Gianluigi Bacchetta, a biol­ogy pro­fes­sor at the University of Cagliari in Italy, who was not involved in the UNEP report, told Olive Oil Times that tra­di­tional olive grow­ers in the Mediterranean should switch to a proac­tive approach to pre­vent wild­fire dam­age rather than a reac­tive approach.

We need to work on pre­ven­tion, which means to take care of our land,” Bacchetta said. When sum­mer is com­ing, with its hot tem­per­a­tures and dry­ness, those who take care of the olives should mow the grass, remove resid­ual veg­e­ta­tion and any mate­ri­als that could poten­tially fuel a fire.”

He added that the coun­try­side should also be con­stantly mon­i­tored in the riski­est sea­sons, and more action should be taken to ensure that at-risk regions are kept safe.

See Also:Climate Coverage

We wit­ness the phe­nom­e­non of tra­di­tional groves which are often being aban­doned,” Bacchetta said. In the Mediterranean, this hap­pens when cer­tain crops which once brought income to local grow­ers are not prof­itable any­more.”

That not only means fewer sur­veil­lance and pre­ven­tion mea­sures but also fuels inci­dents, includ­ing fires gen­er­ated by ille­gal waste left in deserted areas or wild­fires that start on the side of coun­try roads.

One of the worst wild­fires in recent his­tory in Sardinia spread after a car broke down, stopped by the road­side and caught fire.

From there, the dry veg­e­ta­tion sucked the flames in and in a mat­ter of hours, the wild­fire grew way beyond any pos­si­ble inter­ven­tion,” Bacchetta said.

Fueled by the winds, the flames spread through a large area between Montiferru and Planargia for three days, envelop­ing 14 munic­i­pal­i­ties and dam­ag­ing his­tor­i­cal olive groves.

When such olive groves are burned by fire, farm­ers and agron­o­mists must wait a few months to iden­tify plants that can­not be recov­ered and must be removed, plants that might need seri­ous prun­ing and plants that may poten­tially be recov­ered.

Waiting is essen­tial because that allows us to under­stand what to do with every sin­gle plant affected by fire,” Bacchetta said. Once a tra­di­tional olive grove is hit, the even­tual removal of all the burned plants might be very costly and inef­fi­cient.”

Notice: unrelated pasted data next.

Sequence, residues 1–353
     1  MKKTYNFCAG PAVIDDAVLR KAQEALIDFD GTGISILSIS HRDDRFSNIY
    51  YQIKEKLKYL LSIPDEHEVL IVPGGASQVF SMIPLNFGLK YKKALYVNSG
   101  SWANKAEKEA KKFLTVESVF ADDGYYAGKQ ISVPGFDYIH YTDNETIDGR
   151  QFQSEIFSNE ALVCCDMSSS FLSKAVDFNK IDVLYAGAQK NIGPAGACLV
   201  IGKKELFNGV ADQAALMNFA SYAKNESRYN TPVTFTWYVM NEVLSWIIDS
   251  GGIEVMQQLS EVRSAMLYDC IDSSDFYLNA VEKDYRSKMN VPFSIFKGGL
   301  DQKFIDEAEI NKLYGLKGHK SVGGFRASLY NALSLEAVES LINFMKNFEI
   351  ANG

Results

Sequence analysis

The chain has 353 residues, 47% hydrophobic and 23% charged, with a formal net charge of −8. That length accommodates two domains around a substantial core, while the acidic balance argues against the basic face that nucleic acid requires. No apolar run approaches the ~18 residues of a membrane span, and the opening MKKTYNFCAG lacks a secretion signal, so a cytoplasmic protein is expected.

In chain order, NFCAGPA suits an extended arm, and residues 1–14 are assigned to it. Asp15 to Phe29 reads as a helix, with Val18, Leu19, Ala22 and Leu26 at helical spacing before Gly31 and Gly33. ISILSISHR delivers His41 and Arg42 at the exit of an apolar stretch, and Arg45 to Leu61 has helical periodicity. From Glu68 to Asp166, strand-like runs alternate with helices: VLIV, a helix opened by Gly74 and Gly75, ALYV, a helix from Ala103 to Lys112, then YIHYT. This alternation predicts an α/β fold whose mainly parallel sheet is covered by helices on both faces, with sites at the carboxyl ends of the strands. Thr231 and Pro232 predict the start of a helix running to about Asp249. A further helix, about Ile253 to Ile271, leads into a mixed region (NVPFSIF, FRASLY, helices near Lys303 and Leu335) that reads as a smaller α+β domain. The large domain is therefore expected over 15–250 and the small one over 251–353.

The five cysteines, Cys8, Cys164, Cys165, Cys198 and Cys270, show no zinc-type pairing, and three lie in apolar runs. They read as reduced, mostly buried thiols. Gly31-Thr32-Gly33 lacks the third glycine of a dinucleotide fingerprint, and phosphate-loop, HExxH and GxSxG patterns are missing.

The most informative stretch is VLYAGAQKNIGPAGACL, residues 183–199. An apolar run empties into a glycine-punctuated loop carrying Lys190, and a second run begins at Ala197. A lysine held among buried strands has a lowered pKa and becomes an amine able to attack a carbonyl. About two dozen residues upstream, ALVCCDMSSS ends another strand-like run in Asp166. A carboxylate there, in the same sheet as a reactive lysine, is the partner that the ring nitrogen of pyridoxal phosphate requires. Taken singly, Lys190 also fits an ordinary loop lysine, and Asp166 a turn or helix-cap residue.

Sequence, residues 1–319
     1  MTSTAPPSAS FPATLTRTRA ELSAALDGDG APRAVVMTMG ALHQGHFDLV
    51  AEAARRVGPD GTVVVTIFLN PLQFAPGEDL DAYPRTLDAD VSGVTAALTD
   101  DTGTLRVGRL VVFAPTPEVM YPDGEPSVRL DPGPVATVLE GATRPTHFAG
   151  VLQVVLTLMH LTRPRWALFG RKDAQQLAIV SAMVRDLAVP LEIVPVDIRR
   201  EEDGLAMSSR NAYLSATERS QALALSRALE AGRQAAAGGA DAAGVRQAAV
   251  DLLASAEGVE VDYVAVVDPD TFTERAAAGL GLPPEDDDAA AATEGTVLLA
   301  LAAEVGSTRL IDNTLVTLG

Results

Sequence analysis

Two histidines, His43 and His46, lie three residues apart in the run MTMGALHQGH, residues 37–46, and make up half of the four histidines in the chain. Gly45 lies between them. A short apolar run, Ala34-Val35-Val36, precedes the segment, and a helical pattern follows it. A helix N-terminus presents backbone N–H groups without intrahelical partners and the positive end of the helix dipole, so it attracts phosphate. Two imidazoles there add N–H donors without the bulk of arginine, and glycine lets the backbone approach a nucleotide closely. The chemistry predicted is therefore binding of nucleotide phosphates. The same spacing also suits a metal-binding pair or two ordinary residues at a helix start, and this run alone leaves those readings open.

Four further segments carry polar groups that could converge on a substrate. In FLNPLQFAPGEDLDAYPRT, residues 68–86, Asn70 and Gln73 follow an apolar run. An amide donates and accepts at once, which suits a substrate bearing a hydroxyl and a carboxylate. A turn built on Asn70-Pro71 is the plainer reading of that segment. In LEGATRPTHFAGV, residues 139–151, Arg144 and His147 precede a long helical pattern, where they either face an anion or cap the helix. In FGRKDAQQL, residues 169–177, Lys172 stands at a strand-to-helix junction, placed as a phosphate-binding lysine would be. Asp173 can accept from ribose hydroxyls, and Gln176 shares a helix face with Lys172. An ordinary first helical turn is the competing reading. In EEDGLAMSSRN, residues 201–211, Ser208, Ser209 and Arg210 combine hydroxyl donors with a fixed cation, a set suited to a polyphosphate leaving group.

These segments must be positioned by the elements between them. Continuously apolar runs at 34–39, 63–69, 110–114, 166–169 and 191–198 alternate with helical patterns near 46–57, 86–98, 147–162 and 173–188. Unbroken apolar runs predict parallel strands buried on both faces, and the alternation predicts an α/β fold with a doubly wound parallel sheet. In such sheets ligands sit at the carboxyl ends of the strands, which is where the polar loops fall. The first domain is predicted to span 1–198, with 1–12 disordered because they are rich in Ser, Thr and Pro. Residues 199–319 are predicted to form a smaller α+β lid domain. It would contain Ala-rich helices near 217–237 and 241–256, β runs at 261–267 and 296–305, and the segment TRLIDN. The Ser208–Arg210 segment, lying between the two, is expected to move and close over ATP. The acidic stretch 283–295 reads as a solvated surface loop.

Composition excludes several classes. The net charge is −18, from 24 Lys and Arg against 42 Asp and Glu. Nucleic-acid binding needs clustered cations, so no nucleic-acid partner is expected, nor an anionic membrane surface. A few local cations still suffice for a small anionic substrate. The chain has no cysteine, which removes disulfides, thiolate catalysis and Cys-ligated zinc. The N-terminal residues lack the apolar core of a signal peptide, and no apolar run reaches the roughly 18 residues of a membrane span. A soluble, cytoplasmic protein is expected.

The good news is that some­times the plants sur­vive, and due to their pow­er­ful roots, as hap­pened in Sardinia, many of them can quickly recover, be grafted and go back to pro­duc­tion in a few years,” he added.

However, the cul­tural, eco­nomic and social land­scape of farm­ing com­mu­ni­ties hit by such extreme wild­fires can be dam­aged beyond the means of restora­tion and com­pen­sa­tion mea­sures.

Sometimes a fire brings almost com­plete destruc­tion of the top­soil lay­ers, which means that all the organic mate­r­ial in them is oblit­er­ated or vastly reduced,” Bacchetta said. After that, when the rain comes, it increases the dam­age by wash­ing away both the top sur­face lay­ers and those that sit below them, which brings to a huge loss of fer­til­ity.”

The more slop­ing the ter­rain, he added, the greater the dam­age done.

Since many olive groves in Sardinia and through­out the Mediterranean grow on slopes, the risk for those is even worst,” Bacchetta said.

According to the UNEP/GRID-Arendal report, the world must learn to live with fires.”

Institutions and local com­mu­ni­ties must learn to man­age bet­ter and mit­i­gate the risk wild­fires rep­re­sent for human health, bio­di­ver­sity, liveli­hoods and the global cli­mate.

The report calls for gov­ern­ments to dras­ti­cally change their approach to the prob­lem, define new strate­gies for ecosys­tem restora­tion and spend money on pre­ven­tion instead of com­pen­sa­tion for those affected.